4.  Penalties, of which the Eagles had 10 for 70 yards, were a real momentum killer and a key component in Dallas’ game-tying drive that brought the game into overtime.  Defensive pass interference is a very subjective call to make – probably the most subjective penalty in the sport – and the referees were very giving in what they considered interference.  However, they missed a crucial illegal-formation penalty that would have given the Cowboys a longer kick to convert in order to bring the game into overtime.

5.  The Eagles defense allowed Darren McFadden to run for 117 yards, and that total was just the second time all season they’ve allowed a running back to total 100 yards or more.  The only other player to do it was Jonathan Stewart in Week 7.  That means the Eagles have given up more than 100 yards to a running back in two consecutive games after not doing it at all through the first six contests.  Is this a trend we should expect to continue?  Miami’s Lamar Miller is one of the better running backs in the league.

6.  Jordan Matthews is starting to develop a real knack for coming up big in games against the Cowboys, and he was great against the Cowboys Sunday, finishing with 9 receptions on 12 targets for 133 yards and a touchdown.  His 41-yard touchdown reception to end the game in overtime displayed the strength of his character, considering that he had just cost the Eagles five yards on a false-start penalty six plays prior to the touchdown.  What is most important, though, is that he caught 9 of the 12 passes thrown his way because he has dropped a lot of balls recently.  He now has a combined 213 yards and two touchdowns in two games against Dallas this season.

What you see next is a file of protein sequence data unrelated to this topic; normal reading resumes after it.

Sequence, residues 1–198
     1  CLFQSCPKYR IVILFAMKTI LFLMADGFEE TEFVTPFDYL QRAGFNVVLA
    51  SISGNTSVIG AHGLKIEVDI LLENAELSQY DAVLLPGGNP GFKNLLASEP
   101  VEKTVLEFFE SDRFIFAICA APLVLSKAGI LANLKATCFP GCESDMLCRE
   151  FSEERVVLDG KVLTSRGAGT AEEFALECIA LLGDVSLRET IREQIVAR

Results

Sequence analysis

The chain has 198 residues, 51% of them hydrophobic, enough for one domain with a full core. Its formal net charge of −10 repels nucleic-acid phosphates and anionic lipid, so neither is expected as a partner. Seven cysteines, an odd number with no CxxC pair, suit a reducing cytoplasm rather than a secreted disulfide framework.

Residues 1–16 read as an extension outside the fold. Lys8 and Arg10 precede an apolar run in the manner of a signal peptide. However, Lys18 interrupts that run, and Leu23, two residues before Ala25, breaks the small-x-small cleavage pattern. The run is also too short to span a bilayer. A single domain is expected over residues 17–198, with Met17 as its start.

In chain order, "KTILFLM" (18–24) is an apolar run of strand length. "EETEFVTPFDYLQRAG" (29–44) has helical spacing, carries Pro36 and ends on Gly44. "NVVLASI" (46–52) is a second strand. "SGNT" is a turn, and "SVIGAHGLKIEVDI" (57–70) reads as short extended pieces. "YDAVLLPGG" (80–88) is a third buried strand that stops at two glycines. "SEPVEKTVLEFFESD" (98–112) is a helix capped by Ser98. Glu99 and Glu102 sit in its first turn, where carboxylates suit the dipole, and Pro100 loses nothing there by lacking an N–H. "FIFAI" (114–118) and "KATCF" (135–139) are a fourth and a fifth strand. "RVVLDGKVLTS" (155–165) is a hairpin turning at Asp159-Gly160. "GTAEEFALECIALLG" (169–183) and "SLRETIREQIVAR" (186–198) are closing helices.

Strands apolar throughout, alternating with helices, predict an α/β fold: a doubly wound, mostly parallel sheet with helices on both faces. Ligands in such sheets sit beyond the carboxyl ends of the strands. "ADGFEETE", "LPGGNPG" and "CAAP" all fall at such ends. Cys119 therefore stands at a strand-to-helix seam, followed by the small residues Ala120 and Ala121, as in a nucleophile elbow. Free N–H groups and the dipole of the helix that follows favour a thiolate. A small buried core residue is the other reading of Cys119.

7.  Jordan Hicks’ 67-yard interception return for a touchdown that broke a 14-14 tie and pretty much saved the season, combined with the fact that the rookie is becoming the quarterback of the defense, has qualified him as the Eagles best defensive draft pick by Kelly.  In fact, Kelly’s best overall pick so far would be a three-way contest between Jordan Matthews, Hicks, and Lane Johnson.  Heading into the Week 9 contest, Hicks, the third-round rookie, ranked among the top players in the league in solo tackles (37), despite playing only six games against seven or eight for every other player ranked above him except one.  After last night, he is now tied for the ninth most in the league with 43.  Hopefully the injury he suffered to his pectoral muscle will not be too serious because Hicks is really talented and needs to be playing.  He will have a MRI today, and the results will tell how the team will handle him going forward.